Sonochemical synthesis of highly branched flower-like Fe3O4@SiO2@Ag microcomposites and their application as versatile SERS substrates†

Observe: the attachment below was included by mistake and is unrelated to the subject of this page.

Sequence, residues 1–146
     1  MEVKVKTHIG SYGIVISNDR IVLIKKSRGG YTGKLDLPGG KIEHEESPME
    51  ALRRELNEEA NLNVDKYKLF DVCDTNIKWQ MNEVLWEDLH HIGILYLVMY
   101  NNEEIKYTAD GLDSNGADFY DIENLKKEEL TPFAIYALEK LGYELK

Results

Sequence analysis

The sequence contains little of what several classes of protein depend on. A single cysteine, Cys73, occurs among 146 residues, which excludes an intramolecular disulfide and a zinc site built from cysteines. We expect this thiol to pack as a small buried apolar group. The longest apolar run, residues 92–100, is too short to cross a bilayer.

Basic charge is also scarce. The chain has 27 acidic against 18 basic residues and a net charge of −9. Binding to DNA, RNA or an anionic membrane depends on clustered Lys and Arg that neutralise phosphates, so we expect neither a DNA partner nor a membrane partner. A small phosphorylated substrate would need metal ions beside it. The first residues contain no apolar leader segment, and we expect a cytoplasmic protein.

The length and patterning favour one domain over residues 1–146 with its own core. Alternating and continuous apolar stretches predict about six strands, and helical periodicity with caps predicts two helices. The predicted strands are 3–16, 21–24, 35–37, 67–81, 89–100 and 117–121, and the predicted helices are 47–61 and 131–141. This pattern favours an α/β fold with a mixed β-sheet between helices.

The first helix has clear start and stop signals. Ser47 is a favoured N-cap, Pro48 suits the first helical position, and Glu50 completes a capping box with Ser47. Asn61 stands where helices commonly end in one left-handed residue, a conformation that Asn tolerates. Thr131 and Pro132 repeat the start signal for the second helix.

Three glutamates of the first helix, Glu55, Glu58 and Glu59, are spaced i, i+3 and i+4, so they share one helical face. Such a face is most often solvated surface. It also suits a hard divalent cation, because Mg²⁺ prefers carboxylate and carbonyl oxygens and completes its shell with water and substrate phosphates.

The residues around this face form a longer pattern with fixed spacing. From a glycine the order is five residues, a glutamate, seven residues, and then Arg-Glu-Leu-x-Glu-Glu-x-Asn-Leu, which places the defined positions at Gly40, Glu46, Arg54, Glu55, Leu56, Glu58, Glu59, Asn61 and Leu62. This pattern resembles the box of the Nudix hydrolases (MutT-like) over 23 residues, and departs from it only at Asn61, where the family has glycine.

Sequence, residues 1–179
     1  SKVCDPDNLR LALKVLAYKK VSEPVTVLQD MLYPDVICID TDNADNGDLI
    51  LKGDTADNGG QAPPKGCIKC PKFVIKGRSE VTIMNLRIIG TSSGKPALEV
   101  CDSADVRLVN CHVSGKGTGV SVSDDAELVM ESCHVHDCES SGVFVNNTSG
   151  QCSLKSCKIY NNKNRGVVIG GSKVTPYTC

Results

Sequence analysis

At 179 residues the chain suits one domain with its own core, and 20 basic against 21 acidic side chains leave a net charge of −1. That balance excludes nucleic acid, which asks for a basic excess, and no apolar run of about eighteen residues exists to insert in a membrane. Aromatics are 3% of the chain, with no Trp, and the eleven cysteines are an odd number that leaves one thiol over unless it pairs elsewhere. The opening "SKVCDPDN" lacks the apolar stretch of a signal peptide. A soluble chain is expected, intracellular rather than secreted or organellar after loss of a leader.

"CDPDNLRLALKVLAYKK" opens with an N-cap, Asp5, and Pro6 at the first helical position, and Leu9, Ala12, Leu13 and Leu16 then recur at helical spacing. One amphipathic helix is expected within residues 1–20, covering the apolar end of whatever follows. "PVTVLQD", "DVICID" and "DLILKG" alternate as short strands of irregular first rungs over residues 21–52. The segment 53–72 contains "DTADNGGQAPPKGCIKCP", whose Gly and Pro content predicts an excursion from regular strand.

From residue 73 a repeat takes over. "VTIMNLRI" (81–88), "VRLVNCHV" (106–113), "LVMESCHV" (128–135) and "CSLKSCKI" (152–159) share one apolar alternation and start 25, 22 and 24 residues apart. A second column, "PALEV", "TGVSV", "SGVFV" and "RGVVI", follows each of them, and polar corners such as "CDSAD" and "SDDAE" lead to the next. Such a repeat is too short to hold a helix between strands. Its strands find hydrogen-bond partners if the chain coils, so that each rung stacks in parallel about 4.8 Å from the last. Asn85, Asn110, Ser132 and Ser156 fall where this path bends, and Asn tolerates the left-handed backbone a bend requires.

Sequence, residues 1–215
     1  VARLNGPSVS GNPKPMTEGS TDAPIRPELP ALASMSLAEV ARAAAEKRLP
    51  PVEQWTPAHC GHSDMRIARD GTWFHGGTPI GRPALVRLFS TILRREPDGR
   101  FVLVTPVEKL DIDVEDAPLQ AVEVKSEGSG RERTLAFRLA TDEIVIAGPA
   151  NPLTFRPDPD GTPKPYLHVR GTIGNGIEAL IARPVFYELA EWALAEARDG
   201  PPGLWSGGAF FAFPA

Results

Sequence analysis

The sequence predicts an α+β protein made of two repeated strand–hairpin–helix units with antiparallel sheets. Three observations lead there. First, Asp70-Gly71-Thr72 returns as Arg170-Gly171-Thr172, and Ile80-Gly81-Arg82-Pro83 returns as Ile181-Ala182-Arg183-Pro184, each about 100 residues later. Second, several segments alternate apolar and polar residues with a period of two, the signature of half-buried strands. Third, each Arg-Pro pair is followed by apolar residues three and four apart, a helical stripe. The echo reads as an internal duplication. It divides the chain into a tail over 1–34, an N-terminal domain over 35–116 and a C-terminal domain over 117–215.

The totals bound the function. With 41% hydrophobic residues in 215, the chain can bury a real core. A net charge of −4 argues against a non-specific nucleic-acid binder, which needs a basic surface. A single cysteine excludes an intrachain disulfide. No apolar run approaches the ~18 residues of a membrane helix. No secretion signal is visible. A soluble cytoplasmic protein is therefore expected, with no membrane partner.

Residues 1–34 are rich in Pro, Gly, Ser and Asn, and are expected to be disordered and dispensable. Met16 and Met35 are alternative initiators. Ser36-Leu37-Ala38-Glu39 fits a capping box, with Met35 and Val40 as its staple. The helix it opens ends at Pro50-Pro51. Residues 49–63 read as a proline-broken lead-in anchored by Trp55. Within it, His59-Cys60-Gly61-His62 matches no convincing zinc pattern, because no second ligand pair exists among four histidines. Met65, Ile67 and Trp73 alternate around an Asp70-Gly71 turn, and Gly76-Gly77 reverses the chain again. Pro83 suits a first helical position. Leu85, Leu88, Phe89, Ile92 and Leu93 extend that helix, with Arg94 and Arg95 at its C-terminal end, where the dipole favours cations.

We report a novel strategy for the synthesis of magnetic-based flower-like silver composite microspheres (Fe3O4@SiO2@Ag microflowers) with a highly branched shell structure through a sonochemical-assisted method. The obtained Fe3O4@SiO2@Ag microflowers possess good dispersity, high magnetic responsiveness, and highly reproducible structures. The size and morphology of the silver petal shell of these microflowers can be easily controlled by varying the experimental parameters. The silver petal provides an effectively large surface area for forming sufficient plasmonic hot spots and capturing target molecules. The microscale magnetic core endows microflowers with superior magnetic nature to enrich targeted analytes and create abundant interparticle hot spots through magnetism-induced aggregation. Hence, Fe3O4@SiO2@Ag microflowers could be a versatile SERS substrate, as verified by the detection of the non-adsorbed R6G molecules and the adsorbed pesticide thiram, with a detection limit as low as 1 × 10−14 M and 1 × 10−11 M, respectively. We further demonstrate that aptamer-functionalized microflowers can easily capture S. aureus in tap water and significantly enhance their SERS signal. Moreover, the microflowers can be easily recycled because of the intrinsic magnetism of the Fe3O4 cores, which indicate a new route in eliminating the “single-use” problem of traditional SERS substrates. These advantages make the microflowers powerful SERS probes for chemical and biological analyses.